David Smith signed a will when he was 75. He had two children and the will gave his cottage to his daughter, who spent a lot of time there, and his house to his son to even things up. That seemed about right to David as the two properties had roughly the same value.
His remaining assets were to be sold and divided equally among his grandchildren. He lived off of his pension and figured that after the house and cottage were gone there would be little left. It would be small nest egg for each of the grandchildren -- a remembrance from their granddad of a few thousand dollars each.
He was well satisfied with what he had done. It was simple. It felt right.
Things went awry however. First, David lost his marbles. There is nothing uncommon about that. Canadians are living longer and longer. The percentage of us who will suffer from dementia of some kind before we die is both significant and growing. Second, his financial affairs were taken over by his sister. He had appointed her in a power of attorney document he signed along with the will. It was her job to take over his finances if he became unable to handle them himself. There is nothing uncommon in that. It was good planning. Without the power of attorney, a court application would have been necessary before someone could take over his affairs.
Third, his sister decided to sell the house. There is nothing uncommon in that either. It was sitting empty. The money from the sale of the house could be nestled away in safe investments. It made no sense to find tenants for the house and rent it out. Being a landlord can be challenging. Tenants have been known to trash the house they rent. His sister concluded cash was safer and easier, and proceeded to sell the house.
What happened when David died? His daughter received the cottage. He still owned it when he died and it was left to her under the will. The son was out of luck -- he was to be given the house under the will, but the house was gone. The money from the house formed part of the "residue" of the estate and the residue went to grandchildren under the terms of the will. The son received nothing.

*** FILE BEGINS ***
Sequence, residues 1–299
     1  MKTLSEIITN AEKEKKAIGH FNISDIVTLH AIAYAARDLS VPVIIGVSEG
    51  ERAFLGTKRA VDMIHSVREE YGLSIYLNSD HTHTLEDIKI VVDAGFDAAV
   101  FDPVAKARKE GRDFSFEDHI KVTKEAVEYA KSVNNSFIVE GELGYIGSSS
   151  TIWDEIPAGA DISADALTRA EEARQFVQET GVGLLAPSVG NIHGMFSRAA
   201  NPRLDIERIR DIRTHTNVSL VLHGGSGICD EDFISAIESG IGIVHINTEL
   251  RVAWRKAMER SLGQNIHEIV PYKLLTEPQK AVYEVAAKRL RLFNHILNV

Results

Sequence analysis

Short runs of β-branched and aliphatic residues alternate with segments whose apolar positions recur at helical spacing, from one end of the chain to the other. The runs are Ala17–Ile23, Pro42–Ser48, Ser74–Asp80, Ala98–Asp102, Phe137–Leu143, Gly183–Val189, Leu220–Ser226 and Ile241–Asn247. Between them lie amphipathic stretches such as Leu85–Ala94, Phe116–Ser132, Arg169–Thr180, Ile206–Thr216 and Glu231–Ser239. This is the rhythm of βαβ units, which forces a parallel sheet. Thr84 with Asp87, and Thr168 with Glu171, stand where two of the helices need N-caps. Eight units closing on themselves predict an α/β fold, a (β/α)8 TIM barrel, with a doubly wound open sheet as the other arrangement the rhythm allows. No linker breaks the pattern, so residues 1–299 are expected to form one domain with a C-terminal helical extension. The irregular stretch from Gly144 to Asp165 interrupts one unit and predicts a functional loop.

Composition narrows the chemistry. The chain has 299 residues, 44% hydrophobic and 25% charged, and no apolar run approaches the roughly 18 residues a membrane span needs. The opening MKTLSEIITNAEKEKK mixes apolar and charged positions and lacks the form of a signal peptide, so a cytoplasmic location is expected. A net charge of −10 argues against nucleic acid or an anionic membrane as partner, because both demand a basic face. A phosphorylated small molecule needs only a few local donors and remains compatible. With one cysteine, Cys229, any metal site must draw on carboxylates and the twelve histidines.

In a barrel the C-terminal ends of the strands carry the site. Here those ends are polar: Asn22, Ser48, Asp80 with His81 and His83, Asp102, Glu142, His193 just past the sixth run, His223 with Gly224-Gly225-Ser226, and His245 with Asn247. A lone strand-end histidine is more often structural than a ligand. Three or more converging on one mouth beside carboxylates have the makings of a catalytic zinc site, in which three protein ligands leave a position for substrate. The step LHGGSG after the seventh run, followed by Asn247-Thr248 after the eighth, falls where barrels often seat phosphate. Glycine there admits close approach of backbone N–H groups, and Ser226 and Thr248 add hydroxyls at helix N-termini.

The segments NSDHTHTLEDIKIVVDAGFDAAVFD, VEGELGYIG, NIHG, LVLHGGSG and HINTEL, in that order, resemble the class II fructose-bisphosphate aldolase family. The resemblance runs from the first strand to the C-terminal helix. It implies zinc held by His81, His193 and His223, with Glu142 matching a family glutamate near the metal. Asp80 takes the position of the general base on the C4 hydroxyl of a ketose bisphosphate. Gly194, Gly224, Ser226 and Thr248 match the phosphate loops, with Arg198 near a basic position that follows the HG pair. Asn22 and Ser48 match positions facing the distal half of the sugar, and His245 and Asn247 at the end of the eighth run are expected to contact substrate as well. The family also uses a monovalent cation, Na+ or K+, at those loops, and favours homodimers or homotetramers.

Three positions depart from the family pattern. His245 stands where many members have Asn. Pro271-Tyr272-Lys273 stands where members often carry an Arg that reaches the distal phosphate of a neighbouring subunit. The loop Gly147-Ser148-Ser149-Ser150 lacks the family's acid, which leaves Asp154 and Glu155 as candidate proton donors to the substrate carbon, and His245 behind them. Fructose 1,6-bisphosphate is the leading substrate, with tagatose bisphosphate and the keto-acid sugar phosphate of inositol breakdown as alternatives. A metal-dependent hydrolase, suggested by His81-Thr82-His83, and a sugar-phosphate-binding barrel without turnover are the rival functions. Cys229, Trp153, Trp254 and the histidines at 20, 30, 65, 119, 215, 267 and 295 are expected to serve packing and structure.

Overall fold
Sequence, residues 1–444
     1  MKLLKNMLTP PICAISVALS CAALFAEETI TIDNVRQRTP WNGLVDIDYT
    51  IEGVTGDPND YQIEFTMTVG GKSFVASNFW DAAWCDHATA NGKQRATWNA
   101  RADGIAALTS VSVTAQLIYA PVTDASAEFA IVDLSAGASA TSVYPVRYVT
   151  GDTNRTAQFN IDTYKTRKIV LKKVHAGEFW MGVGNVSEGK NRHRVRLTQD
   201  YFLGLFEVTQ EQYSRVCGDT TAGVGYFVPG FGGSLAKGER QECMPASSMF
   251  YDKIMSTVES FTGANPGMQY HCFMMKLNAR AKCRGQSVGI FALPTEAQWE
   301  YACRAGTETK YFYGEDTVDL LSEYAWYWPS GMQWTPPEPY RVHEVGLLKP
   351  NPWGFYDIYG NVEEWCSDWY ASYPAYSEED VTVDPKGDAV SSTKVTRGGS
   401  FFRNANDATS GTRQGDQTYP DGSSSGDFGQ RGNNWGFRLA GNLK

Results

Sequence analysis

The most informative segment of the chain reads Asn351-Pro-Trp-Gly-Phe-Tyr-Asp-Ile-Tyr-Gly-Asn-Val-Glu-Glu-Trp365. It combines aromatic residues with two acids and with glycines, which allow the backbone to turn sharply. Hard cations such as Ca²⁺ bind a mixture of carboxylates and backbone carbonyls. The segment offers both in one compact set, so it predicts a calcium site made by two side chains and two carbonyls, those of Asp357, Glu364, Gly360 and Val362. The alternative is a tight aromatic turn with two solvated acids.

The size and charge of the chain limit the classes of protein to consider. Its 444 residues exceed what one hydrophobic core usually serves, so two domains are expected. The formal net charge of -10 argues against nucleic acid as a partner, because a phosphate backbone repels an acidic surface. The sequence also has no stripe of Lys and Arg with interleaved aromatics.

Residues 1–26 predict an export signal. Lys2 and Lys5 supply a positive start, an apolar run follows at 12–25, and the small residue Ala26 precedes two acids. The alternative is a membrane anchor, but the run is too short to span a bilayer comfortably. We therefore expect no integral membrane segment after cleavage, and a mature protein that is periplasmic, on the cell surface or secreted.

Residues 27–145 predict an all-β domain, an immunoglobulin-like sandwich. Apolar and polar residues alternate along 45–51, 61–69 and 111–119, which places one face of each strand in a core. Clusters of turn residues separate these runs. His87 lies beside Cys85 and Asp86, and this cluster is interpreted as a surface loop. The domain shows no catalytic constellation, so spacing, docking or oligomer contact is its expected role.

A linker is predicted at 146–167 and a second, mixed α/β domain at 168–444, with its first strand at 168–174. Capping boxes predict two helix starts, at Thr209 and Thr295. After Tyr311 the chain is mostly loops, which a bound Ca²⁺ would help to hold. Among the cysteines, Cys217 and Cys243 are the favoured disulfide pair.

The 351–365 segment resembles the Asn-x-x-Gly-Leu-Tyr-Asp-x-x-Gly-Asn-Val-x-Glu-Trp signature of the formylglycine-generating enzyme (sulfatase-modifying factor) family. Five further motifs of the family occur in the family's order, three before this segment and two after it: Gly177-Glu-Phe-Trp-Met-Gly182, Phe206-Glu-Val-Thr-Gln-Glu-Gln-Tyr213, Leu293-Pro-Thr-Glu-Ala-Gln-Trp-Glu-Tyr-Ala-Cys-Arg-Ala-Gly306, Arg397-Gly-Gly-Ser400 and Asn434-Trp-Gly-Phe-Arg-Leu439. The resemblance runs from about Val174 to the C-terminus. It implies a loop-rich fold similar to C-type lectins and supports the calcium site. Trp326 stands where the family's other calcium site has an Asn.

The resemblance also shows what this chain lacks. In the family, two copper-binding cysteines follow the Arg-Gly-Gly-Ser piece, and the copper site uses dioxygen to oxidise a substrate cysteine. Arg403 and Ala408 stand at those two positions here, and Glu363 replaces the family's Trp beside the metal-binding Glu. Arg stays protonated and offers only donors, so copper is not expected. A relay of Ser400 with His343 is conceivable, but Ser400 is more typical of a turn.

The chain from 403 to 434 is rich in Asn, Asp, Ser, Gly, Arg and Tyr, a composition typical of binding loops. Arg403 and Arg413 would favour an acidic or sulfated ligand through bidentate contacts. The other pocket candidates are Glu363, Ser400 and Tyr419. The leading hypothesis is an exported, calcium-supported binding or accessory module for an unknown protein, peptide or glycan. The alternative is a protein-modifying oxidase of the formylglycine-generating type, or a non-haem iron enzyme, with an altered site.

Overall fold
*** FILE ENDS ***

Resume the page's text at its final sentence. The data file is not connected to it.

David did not intend to see his son cut out, but that is what happened. When a gift of a specific item, like a house, is made under a will and the item is not there when the will-maker dies, the gift fails. The heir who was to receive it is out of luck. Most lawyers try to dissuade clients from making wills that divide wealth by distributing items. Instead, they recommend the majority of a person's wealth, including large ticket items like houses, simply form part of the residue of the estate. The residue of the estate is then divided under the will into shares.
If David had followed that advice, his will would have read differently. The will might leave $5,000 to each of his grandchildren, and then divide the residue of the estate into two equal shares, one for his son and one for his daughter. No mention would generally be made of the house or the cottage.
There are several advantages to this type of will. First, it allows for each child to receive a share of the deceased parent's wealth that is exactly equal. It will usually be equal to the penny. That is impossible if one gets the house and the other the cottage. Second, no one, like David's sister, has to worry about selling things. No matter what is sold, whether house, cottage or car, the shares always stay equal and no one, like David's son, gets cut out.
Mr. Smith is real, but facts here have been changed to obscure his identity and that of his family. This is a flaw in many estate plans and one that plays out over and over again, hurting family after family.
John E. S. Poyser is a lawyer with the Wealth and Estate Law Group at the Winnipeg firm Inkster, Christie, Hughes LLP. Contact him at (204) 947-6801 or email@example.com